The company singled out a handful of competitors in the filing by name—including DXC Technology, No. 4 on CRN’s Solution Provider 500 list for 2021, which was created in 2017 through the merger of CSC and HPE Enterprise Services. In terms of competitors, “examples include: Atos, DXC, Fujitsu, Infosys, Rackspace, Tata Consultancy Services, and Wipro, among others,” Kyndryl said in the filing.

Vendor Partnerships

Following the spin-off from IBM, Kyndryl and IBM will “continue to have a strong commercial relationship,” IBM said in its own SEC filing on Tuesday. As part of this relationship, Kyndryl said in its filing that it plans to “enter into an Intellectual Property Agreement with IBM, pursuant to which IBM will grant to us perpetual and irrevocable, non-exclusive, royalty-free licenses to certain proprietary software and documentation, databases, trade secrets, and certain other intellectual property rights (excluding patents and trademarks) that are used in the Business but are being retained by IBM.”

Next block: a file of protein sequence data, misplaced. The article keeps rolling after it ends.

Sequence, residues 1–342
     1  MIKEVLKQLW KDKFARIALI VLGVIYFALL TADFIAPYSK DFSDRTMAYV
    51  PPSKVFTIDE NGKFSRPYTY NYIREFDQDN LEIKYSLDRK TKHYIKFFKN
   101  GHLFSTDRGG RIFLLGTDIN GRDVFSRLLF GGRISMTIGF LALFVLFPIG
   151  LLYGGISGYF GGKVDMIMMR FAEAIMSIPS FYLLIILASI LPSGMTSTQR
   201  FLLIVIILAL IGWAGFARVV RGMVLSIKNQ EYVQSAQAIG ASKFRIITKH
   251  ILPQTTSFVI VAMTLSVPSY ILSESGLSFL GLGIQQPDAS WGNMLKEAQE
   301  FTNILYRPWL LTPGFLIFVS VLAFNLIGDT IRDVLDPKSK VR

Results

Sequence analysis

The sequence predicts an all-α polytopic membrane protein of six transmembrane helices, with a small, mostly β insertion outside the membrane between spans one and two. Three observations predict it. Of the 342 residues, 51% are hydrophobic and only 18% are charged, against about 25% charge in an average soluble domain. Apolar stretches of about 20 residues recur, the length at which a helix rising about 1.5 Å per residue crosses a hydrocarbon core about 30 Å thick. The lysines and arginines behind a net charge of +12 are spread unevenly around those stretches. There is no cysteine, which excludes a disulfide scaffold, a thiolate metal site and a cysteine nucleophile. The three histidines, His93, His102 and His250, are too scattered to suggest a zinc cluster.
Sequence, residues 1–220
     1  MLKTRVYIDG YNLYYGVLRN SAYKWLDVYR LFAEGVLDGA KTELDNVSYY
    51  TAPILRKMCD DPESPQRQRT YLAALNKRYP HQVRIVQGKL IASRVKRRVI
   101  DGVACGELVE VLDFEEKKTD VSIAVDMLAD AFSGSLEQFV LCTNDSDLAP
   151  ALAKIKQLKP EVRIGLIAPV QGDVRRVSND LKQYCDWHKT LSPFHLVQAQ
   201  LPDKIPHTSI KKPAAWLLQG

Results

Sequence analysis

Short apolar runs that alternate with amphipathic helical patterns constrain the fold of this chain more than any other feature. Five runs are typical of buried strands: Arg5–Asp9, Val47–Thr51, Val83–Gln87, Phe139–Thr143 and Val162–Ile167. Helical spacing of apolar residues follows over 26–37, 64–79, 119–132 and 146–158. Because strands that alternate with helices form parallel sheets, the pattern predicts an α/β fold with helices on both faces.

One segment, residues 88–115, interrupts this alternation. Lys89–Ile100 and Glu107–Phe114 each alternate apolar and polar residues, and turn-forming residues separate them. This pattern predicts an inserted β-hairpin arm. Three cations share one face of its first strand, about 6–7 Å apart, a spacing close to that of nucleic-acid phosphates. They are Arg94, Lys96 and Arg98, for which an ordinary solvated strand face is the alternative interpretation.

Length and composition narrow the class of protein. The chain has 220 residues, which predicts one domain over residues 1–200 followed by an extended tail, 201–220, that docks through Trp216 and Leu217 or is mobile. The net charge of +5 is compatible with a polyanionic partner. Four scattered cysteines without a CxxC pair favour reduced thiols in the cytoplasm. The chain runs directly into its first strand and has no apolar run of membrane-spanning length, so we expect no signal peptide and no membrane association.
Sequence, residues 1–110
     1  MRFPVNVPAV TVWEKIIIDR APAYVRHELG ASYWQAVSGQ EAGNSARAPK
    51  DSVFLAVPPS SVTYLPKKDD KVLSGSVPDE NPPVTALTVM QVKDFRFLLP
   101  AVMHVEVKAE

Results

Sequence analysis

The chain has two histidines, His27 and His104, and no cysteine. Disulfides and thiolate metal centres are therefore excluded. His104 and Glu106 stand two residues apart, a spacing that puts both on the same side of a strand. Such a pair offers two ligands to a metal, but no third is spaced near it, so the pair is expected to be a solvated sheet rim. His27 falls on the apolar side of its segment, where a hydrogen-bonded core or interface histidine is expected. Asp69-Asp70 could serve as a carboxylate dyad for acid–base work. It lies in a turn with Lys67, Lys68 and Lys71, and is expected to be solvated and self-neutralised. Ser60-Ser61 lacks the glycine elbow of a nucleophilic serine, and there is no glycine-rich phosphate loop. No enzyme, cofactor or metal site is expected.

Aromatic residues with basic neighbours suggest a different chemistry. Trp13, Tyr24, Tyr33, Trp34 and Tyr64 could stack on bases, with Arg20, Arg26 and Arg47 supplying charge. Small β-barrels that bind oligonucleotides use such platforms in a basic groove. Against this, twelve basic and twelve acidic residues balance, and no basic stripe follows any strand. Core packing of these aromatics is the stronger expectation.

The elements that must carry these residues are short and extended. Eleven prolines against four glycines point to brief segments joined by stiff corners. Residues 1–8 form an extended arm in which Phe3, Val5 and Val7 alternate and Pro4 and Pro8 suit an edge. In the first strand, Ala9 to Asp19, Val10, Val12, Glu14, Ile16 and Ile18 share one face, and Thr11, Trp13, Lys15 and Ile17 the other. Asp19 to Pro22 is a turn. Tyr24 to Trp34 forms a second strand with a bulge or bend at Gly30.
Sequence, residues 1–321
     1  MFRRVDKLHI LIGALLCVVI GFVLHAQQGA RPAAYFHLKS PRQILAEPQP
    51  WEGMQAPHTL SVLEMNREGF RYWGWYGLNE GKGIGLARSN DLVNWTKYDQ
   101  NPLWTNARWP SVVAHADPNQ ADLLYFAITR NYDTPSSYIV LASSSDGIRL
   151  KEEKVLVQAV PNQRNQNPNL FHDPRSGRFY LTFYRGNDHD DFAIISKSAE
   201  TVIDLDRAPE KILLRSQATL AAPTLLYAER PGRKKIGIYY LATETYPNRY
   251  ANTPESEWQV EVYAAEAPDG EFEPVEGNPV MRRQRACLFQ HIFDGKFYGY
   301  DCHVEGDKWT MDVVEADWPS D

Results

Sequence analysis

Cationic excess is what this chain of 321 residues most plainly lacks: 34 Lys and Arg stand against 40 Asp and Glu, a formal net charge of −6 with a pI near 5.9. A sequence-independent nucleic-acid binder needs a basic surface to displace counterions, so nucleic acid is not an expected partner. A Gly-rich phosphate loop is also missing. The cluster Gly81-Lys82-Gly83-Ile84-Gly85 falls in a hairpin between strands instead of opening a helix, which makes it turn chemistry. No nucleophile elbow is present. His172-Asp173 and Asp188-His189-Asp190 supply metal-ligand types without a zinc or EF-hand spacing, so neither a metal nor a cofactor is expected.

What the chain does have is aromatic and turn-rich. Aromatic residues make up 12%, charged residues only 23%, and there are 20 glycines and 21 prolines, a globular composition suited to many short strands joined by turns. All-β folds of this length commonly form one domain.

“The foregoing license excludes IBM’s commercial software, which will be subject to IBM’s standard commercial terms if we choose to use it in the Business,” Kyndryl said.

Beyond working with IBM, Kyndryl mentioned just a few other vendor partners by name in the filing—VMware, Microsoft and ServiceNow—but said that partnerships with additional vendors is part of the plan.

“We have a strong and long-standing foundation developed by governing and managing complex technology environments, including IBM (e.g., Red Hat and Cloud Paks) and third-party technologies (e.g., VMWare, ServiceNow, and Microsoft),” Kyndryl said in the filing. “With increased freedom of action, we will extend these capabilities to an even broader ecosystem of technology providers and develop more services that are digitally consumable to expand accessibility to new customers and markets.”